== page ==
I’ll give you a hint: You won’t see any fires unless you view each image at full resolution. Click on the image, then on the “3200×2304” link below the banner to see the full resolution version. (You could even open each full resolution image in a new tab, and click between the tabs for easy comparison, assuming you’re not using some archaic version of Internet Explorer or another old browser that doesn’t allow tabs. When you would click on the “3200×2304” link, instead right-click and select “Open in New Tab”. Another option would be to save the images and open them in an image viewing software program that will allow you to zoom in more than 100% but, that is starting to sound like a lot of work and I’m not sure I want to play this game anymore. It’s too complicated. By the way, if that’s the way you feel, don’t become the manager of a fire incident team.)

I’ll give you another hint: Many of the hot spots that indicate fires are only 1-2 pixels in size. Be prepared to look for needles in the haystack, and make sure you have your reading glasses on, if you need them.

VIIRS "True Color" composite of channels M-03, M-04 and M-05, taken at 20:36 UTC 11 June 2013

VIIRS "True Color" composite of channels M-03, M-04 and M-05, taken at 20:36 UTC 11 June 2013

VIIRS "Natural Fire Color" composite of channels M-05, M-07 and M-11, taken 20:36 UTC 11 June 2013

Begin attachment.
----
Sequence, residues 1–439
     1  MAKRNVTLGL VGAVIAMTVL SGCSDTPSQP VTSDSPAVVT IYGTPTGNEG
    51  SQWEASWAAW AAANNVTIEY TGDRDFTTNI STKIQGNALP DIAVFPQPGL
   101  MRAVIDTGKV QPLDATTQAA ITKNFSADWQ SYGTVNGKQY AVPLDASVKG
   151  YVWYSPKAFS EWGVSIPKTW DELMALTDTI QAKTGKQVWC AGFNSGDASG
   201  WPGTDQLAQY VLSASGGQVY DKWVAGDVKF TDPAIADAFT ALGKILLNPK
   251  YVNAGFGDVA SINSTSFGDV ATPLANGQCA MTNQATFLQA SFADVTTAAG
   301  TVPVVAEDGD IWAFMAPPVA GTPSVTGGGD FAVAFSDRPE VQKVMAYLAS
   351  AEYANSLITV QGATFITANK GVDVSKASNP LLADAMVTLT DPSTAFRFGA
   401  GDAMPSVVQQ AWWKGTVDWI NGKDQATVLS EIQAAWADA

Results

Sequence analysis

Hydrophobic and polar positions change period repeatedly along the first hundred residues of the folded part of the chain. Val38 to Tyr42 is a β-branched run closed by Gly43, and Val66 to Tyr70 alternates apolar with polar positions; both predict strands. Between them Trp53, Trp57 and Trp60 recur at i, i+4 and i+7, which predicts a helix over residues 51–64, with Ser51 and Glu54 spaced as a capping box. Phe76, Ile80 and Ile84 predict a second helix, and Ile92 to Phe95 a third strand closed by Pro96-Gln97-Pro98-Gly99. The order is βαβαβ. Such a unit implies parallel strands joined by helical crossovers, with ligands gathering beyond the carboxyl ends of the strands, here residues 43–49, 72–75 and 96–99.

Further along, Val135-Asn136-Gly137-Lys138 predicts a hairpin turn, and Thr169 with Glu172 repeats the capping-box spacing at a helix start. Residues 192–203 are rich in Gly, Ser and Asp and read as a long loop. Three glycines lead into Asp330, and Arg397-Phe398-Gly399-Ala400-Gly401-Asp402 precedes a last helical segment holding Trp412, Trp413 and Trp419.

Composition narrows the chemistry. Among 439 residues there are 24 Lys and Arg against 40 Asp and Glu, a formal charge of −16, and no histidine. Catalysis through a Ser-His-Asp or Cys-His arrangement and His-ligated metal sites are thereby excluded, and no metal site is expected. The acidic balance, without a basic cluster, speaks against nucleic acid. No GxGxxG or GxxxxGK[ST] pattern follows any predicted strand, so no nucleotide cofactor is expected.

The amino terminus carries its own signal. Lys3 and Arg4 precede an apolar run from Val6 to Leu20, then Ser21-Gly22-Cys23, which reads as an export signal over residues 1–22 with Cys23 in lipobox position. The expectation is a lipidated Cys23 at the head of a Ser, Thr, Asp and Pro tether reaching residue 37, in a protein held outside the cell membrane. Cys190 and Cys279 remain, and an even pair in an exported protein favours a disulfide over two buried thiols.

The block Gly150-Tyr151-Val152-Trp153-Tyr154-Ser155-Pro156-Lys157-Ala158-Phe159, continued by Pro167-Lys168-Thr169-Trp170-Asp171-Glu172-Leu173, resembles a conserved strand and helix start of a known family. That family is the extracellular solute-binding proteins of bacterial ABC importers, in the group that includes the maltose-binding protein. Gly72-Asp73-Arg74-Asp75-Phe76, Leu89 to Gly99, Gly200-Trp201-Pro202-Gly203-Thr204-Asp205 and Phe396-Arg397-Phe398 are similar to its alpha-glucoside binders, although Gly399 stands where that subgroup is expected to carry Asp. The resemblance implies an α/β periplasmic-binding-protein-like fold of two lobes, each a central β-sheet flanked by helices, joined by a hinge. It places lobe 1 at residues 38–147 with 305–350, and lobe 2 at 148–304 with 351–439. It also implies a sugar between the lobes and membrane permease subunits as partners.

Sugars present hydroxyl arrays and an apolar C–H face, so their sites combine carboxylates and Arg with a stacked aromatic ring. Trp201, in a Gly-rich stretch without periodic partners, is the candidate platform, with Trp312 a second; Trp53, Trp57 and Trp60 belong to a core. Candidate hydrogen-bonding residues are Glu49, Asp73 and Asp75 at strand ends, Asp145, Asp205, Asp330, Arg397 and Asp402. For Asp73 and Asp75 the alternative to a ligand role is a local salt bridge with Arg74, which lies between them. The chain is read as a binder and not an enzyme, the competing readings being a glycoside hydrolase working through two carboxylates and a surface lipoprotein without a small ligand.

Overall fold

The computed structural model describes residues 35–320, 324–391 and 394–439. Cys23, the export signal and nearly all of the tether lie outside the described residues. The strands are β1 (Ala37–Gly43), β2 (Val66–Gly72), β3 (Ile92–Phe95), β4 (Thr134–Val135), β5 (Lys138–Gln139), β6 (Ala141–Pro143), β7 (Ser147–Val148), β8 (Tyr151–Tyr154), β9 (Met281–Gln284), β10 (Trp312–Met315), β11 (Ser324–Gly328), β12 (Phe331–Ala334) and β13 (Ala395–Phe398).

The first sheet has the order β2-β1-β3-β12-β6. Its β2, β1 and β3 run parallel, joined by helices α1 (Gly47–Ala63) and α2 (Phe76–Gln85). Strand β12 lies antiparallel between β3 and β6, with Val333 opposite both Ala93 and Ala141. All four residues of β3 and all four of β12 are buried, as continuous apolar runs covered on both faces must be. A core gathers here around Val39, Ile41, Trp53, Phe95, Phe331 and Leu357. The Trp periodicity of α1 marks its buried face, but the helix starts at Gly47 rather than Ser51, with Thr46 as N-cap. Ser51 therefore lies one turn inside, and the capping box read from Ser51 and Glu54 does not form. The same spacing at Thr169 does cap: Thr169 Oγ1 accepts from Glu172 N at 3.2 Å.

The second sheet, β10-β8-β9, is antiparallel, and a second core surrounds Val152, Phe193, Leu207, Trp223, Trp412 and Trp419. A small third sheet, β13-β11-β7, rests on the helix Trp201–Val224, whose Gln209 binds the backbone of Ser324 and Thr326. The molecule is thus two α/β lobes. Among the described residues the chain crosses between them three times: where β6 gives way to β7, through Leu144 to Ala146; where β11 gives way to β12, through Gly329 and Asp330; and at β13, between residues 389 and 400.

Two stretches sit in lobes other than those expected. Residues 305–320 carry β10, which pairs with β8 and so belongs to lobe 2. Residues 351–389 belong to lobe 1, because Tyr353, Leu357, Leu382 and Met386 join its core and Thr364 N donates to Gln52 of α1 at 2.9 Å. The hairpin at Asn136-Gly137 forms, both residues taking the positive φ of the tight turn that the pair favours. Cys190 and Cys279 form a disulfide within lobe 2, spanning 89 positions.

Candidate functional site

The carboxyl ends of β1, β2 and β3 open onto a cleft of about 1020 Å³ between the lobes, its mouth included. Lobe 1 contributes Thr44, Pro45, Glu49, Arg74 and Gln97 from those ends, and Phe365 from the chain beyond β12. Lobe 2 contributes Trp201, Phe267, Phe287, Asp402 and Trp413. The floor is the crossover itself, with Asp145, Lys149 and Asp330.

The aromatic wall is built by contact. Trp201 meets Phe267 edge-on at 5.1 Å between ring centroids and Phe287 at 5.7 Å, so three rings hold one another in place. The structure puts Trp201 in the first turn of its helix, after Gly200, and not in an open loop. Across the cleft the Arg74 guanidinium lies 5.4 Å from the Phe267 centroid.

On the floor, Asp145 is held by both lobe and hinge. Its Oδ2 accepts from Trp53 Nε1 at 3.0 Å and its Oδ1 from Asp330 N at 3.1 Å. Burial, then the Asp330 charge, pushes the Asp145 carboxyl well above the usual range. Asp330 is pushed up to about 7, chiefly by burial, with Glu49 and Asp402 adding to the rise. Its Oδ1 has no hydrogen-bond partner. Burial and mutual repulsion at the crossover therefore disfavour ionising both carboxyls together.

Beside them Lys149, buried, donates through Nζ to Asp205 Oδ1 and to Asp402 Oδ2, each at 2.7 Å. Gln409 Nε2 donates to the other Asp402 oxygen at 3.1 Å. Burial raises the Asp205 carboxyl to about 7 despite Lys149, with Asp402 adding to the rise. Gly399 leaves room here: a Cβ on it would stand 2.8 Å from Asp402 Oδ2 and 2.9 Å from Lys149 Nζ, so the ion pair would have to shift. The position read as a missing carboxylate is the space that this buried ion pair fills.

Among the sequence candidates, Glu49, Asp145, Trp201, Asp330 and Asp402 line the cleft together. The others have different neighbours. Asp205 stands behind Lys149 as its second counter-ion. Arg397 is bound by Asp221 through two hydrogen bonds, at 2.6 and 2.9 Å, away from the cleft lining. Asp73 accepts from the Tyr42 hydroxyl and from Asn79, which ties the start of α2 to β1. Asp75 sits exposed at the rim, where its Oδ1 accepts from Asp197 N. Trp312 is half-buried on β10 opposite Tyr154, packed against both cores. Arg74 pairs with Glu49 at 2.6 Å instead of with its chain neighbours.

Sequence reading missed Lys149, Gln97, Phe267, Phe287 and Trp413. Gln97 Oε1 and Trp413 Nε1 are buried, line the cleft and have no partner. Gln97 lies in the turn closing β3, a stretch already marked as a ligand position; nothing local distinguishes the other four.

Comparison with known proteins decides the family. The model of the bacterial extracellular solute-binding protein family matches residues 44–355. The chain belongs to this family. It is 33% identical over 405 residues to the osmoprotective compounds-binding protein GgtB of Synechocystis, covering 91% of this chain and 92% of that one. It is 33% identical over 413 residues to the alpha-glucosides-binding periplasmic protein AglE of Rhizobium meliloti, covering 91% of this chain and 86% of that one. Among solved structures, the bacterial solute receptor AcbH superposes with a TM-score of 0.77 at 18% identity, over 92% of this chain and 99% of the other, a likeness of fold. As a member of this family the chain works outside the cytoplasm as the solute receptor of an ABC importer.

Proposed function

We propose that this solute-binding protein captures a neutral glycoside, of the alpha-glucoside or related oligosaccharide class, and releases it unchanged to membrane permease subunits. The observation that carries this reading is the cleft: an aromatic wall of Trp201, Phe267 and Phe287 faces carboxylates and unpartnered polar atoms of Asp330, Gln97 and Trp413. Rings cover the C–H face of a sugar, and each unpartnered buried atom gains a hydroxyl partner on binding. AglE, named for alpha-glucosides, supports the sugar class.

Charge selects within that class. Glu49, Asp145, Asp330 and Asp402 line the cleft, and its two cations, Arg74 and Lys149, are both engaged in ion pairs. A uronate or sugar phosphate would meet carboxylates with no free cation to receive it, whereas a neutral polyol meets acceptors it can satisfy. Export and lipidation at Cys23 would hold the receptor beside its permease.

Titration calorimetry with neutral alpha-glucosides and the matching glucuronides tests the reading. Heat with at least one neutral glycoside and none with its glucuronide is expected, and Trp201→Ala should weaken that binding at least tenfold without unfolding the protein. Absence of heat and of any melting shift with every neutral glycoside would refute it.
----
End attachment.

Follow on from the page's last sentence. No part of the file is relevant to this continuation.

VIIRS "Natural Fire Color" composite of channels M-05, M-07 and M-11, taken 20:36 UTC 11 June 2013

VIIRS "Fire Temperature" composite of channels M-10, M-11 and M-12, taken 20:36 UTC 11 June 2013

VIIRS "Fire Temperature" composite of channels M-10, M-11 and M-12, taken 20:36 UTC 11 June 2013

VIIRS channel M-13 image, taken 20:36 UTC 11 June 2013

VIIRS channel M-13 image, taken 20:36 UTC 11 June 2013

So, did you see them all? You should have identified 12 fires. Did you find less than 12? Some of them are hard (or impossible) to see in some of the images. Did you find more than 12? The color scale used on the M-13 image led to false alarms, so you can be forgiven if that’s what caused you count too many.

This example shows some of the complicating factors when trying to identify fires from satellites. It also shows why fire managers never rely on satellite data alone. Now, having said that, VIIRS can and does provide useful information on fires.

First, here’s the answer (link goes to PDF) from the National Interagency Fire Center. They identified 15 active “large incident” fires on 12 June 2013. (They update their maps once per day, so all the fires that started on 11 June make it on the 12 June map.) But, there are differences between their map and what VIIRS saw.